SPEC Kit 328: Collaborative Teaching and Learning Tools · 49
technology run the risk of failing to meet user demands and expectations.
Many of our collaborative learning tools are in our Interactive Media Center. Software plays just as large, if not larger,
role in collaborative teaching and learning.
Strong collaboration in this area with the Dartmouth Center for the Advancement of Learning. Along with the Writing
and Rhetoric Program and, to some extent, the academic computing department.
The survey seems to indicate that the library offers the service if it is in the library. However, for many information
commons, IT services are provided by university/college IT services. While our TECHB@R is right next to the library’s
reference desk, and uses our library systems to check out equipment, they are administratively run by another group and
cooperatively work with us. Some of the questions imply that the library or IT only, not both.
We anticipate an increase in the availability of these kinds of tools in the library as the library transforms its spaces to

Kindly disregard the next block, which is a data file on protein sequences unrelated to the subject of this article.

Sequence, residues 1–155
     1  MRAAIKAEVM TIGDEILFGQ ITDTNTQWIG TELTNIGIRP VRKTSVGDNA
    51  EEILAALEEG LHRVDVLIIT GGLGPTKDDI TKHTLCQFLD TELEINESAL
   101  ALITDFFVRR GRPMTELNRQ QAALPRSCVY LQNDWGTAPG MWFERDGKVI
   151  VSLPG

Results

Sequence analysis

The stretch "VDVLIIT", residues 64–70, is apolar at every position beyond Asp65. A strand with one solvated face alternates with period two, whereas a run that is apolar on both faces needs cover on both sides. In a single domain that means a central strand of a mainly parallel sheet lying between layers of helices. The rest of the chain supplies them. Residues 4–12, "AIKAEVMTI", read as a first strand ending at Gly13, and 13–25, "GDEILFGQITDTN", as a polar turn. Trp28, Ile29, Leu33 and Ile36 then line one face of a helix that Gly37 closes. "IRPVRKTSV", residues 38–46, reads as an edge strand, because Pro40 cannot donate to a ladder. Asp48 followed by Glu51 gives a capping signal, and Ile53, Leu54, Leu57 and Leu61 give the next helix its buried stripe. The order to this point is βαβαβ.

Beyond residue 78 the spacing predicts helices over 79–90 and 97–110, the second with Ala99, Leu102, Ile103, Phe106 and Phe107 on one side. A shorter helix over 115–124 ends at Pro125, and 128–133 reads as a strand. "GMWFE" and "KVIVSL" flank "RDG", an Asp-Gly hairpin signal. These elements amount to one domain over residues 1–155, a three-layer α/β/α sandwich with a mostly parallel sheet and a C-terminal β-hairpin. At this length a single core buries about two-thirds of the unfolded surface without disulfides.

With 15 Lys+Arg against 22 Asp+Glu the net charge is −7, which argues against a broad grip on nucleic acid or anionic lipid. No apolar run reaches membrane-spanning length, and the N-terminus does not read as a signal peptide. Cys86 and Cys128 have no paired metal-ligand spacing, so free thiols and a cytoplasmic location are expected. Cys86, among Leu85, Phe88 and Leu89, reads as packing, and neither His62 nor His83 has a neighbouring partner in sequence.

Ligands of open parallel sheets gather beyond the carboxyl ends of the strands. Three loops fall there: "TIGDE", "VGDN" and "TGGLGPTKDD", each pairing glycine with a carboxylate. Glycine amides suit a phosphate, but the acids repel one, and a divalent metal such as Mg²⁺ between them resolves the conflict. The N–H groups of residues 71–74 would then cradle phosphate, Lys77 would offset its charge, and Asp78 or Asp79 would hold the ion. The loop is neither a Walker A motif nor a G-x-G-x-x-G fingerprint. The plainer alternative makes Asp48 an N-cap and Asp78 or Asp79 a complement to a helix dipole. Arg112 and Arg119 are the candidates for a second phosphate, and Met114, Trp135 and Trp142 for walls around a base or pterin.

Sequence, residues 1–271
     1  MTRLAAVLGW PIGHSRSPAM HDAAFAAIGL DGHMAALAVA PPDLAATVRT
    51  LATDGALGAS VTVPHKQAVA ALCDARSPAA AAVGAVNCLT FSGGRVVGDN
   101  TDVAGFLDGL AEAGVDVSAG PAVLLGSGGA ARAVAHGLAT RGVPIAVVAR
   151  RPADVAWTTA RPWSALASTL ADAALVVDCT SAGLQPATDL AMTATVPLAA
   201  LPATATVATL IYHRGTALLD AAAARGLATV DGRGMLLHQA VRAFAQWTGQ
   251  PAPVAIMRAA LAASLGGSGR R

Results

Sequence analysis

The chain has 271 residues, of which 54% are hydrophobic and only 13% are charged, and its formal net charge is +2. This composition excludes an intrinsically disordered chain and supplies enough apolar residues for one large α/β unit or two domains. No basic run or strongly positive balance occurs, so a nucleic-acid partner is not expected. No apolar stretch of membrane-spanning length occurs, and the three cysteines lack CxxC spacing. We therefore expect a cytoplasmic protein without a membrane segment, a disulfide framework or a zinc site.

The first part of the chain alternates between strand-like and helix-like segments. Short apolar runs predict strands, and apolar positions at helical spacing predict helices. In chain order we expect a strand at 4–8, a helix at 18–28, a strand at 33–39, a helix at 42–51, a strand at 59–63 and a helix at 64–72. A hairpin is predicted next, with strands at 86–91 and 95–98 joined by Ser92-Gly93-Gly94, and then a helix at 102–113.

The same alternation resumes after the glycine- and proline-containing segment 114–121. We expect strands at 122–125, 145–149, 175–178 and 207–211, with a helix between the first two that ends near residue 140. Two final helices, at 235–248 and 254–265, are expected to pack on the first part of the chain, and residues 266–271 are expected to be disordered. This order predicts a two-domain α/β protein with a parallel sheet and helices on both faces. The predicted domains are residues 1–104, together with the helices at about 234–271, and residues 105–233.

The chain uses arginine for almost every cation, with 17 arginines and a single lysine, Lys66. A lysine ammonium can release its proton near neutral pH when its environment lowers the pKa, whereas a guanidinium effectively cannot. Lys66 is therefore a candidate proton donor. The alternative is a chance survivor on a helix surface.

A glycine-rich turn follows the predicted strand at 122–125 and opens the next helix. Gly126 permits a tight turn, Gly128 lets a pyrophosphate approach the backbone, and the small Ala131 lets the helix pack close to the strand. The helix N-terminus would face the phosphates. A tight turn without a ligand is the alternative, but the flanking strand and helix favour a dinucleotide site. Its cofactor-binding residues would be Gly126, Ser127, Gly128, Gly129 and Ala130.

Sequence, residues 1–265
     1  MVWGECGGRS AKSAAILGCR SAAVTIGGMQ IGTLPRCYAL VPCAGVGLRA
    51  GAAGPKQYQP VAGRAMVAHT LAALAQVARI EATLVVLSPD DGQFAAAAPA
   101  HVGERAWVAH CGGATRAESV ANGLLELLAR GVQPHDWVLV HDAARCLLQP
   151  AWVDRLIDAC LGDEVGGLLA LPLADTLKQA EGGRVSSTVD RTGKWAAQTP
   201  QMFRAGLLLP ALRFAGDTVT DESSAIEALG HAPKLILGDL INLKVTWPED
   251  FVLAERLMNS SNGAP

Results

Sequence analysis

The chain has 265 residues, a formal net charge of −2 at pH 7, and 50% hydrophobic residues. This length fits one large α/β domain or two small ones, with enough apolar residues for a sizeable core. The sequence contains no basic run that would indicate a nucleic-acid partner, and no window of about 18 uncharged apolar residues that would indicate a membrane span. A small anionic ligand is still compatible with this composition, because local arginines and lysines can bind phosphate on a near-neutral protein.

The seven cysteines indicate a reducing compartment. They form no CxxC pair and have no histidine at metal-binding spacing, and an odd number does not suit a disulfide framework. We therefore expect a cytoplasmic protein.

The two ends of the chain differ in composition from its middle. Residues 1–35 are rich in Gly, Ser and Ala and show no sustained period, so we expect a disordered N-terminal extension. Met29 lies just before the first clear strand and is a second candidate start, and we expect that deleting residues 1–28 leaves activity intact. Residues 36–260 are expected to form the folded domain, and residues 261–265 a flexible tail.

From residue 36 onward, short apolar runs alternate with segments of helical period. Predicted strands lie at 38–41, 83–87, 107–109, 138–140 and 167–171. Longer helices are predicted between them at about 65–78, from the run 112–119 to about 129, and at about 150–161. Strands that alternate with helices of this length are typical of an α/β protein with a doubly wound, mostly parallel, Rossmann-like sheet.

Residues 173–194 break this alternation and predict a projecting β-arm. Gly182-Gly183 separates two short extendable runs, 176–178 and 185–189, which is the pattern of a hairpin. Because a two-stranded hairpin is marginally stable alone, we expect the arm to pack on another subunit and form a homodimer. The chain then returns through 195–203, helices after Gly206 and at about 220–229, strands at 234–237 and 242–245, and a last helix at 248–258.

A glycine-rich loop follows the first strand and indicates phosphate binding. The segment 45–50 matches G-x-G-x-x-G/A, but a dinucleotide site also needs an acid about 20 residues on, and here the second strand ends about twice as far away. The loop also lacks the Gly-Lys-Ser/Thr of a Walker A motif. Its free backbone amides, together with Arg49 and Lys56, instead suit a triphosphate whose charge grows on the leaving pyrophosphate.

better support more collaborative approaches to teaching and learning.
We are in the very early stages of considering collaborative teaching and learning tools, too early to answer any of these
We began our laptop circulation program in fall 2002 with approximately 50 laptops. In spite of rolling out many
innovative programs since then, it continues to be one of our most popular and most appreciated services.
We have also introduced touch screens and red/green lights to the outside of each student workroom so students can
see if the room is available, and book it on the spot using the touch screen.
We have over 2000 pieces of equipment from a $3500 video camera to $3 audio adapters. Some of our kits have 15
pieces that include chargers, cables, batteries, ﬁlters, etc. Over the last 10 years that we’ve been growing to serve the
needs of our community we’ve developed extensive policies and procedures.
We recently replaced our circulating laptops with netbooks. Given the lower price of the netbooks, we were able to
increase the number we are offering our users.
We’re still fledglings in this effort. We are currently concentrating on providing these tools to library staff in order to
help them become familiar and up-to-speed on their usage before making them more widely available to our library
users. These responses mainly relate to the Smithsonian Natural History Library, which has speciﬁcally been designed for
collaboration and training.